Peripheral Nerve Surgery

Peripheral nerve surgery represents a broad field of pathologic conditions, medical specialties, and anatomic regions of the body. Anatomic understanding of hierarchical nerve structure and the peripheral nervous system aids diagnosis and management of nerve lesions. Many peripheral nerves coalesce into organized arrays, including the cervical, brachial, and lumbosacral plexuses, controlling motor and sensory functions of the trunk and extremities. Individual or groups of nerves may be affected by various pathologic conditions, including trauma, entrapment, tumor, or iatrogenic damage. Current research efforts focus on enhancing the peripheral nerve regenerative process by targeting Schwann cells, nerve growth factors, and nerve allografts.

Key points

  • Peripheral nerves may be affected individually or in concert by various pathologic conditions, including trauma, entrapment, tumor, or iatrogenic injury.

  • After Wallerian (anterograde) and retrograde degeneration, peripheral nerves may undergo physiologic regeneration, aided by Schwann cells and nerve growth factors.

  • Peripheral nerve sheath tumors include more common benign and infrequent malignant pathologicconditions. The operative approach varies depending on tumor pathology.

  • Numerous operative techniques foster peripheral nerve regeneration, including nerve repair with coaptation, nerve grafting with autologous or synthetic grafts, and nerve transfers (neurotization).

  • Goals of nerve transfer in brachial plexus injuries include elbow flexion, shoulder stability, and arm abduction. Numerous intraplexal and extraplexal donor nerves exist for neurotization.


The peripheral nervous system represents a complex, organized network of nerves providing sensory, motor, and autonomic control of various end organs within the human body. Because of the anatomy and potential mechanisms of injury, multiple specialties collaborate in the care of patients with peripheral nerve pathologic conditions. The patient population represents a similarly wide spectrum, including neonates with birth-related brachial plexus injuries (BRBPI) to young adults sustaining brachial plexus trauma, and to older adults with nerve entrapments, tumors, or iatrogenic causes of peripheral nerve injury. The variety of pathologic conditions and anatomic regions invites a broad array of surgical techniques used within peripheral nerve surgery. Clear understanding of nerve structure and the peripheral nervous system aids diagnostic and therapeutic approaches to patients with peripheral nerve pathologic conditions.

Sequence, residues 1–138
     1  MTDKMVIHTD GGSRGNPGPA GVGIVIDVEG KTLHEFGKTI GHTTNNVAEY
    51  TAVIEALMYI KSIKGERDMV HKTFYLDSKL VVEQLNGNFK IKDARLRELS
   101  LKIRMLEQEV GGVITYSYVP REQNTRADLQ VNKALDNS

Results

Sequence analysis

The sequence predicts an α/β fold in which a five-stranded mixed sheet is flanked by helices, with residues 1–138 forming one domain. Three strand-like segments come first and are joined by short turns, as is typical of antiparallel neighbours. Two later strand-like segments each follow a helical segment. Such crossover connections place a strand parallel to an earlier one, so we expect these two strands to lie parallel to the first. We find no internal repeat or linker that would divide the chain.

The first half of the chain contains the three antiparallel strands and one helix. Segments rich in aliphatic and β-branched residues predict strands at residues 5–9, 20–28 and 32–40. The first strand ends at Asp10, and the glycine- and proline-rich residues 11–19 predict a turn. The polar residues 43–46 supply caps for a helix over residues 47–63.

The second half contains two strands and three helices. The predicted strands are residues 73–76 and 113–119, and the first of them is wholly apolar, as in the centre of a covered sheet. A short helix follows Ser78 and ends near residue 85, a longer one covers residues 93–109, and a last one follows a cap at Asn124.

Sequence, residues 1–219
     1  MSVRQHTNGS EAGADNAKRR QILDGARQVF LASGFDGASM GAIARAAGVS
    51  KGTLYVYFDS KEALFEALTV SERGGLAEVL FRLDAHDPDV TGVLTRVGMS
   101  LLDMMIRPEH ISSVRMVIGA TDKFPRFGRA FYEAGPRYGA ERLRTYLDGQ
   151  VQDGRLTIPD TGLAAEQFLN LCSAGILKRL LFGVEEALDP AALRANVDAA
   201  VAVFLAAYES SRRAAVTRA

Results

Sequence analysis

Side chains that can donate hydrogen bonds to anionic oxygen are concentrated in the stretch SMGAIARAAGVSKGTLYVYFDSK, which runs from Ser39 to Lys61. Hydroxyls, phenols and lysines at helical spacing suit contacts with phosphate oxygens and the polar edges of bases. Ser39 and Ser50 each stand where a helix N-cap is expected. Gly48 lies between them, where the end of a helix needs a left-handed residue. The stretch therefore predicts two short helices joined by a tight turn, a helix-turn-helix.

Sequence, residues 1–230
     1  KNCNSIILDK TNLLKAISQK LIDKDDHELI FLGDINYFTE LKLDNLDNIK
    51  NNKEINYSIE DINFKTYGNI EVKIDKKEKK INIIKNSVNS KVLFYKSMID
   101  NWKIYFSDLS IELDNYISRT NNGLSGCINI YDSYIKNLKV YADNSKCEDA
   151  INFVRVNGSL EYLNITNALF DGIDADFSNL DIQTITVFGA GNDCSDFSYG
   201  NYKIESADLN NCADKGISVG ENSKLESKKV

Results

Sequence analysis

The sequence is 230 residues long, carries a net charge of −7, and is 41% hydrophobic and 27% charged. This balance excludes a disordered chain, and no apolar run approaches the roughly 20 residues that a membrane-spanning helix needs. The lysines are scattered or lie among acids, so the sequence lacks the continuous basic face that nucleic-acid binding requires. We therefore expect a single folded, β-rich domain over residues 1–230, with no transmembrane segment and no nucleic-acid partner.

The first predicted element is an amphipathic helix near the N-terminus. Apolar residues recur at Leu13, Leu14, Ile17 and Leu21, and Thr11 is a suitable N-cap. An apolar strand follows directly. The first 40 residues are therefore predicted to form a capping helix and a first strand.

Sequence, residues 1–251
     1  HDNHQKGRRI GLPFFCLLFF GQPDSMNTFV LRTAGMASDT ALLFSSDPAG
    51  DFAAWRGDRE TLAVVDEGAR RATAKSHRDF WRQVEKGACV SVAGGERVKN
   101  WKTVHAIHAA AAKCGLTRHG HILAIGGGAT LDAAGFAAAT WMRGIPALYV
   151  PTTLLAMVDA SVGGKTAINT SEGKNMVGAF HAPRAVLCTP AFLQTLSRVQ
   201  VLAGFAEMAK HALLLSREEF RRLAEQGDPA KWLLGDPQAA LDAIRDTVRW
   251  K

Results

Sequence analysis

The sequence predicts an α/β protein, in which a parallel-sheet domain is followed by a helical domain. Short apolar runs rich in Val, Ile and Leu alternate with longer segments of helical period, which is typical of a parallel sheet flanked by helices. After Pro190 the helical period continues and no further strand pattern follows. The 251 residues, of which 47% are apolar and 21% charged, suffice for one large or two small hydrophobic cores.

The peripheral nervous system represents a complex, organized network of nerves providing sensory, motor, and autonomic control of various end organs within the human body. Because of the anatomy and potential mechanisms of injury, multiple specialties collaborate in the care of patients with peripheral nerve pathologic conditions. The patient population represents a similarly wide spectrum, including neonates with birth-related brachial plexus injuries (BRBPI) to young adults sustaining brachial plexus trauma, and to older adults with nerve entrapments, tumors, or iatrogenic causes of peripheral nerve injury. The variety of pathologic conditions and anatomic regions invites a broad array of surgical techniques used within peripheral nerve surgery. Clear understanding of nerve structure and the peripheral nervous system aids diagnostic and therapeutic approaches to patients with peripheral nerve pathologic conditions.

Surgical anatomy

Components of a Peripheral Nerve